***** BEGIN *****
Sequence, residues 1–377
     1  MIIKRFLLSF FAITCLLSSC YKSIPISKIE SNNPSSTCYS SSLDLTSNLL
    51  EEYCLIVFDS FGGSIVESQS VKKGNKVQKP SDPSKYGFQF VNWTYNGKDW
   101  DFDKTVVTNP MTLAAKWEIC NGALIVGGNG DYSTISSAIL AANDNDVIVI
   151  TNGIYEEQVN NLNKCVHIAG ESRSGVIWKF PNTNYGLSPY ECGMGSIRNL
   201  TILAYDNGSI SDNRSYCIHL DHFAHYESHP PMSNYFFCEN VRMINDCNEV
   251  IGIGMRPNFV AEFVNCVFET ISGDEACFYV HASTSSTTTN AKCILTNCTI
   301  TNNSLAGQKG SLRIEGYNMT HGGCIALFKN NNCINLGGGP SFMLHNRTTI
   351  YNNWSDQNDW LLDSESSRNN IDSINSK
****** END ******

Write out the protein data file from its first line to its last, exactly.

Sequence, residues 1–377
     1  MIIKRFLLSF FAITCLLSSC YKSIPISKIE SNNPSSTCYS SSLDLTSNLL
    51  EEYCLIVFDS FGGSIVESQS VKKGNKVQKP SDPSKYGFQF VNWTYNGKDW
   101  DFDKTVVTNP MTLAAKWEIC NGALIVGGNG DYSTISSAIL AANDNDVIVI
   151  TNGIYEEQVN NLNKCVHIAG ESRSGVIWKF PNTNYGLSPY ECGMGSIRNL
   201  TILAYDNGSI SDNRSYCIHL DHFAHYESHP PMSNYFFCEN VRMINDCNEV
   251  IGIGMRPNFV AEFVNCVFET ISGDEACFYV HASTSSTTTN AKCILTNCTI
   301  TNNSLAGQKG SLRIEGYNMT HGGCIALFKN NNCINLGGGP SFMLHNRTTI
   351  YNNWSDQNDW LLDSESSRNN IDSINSK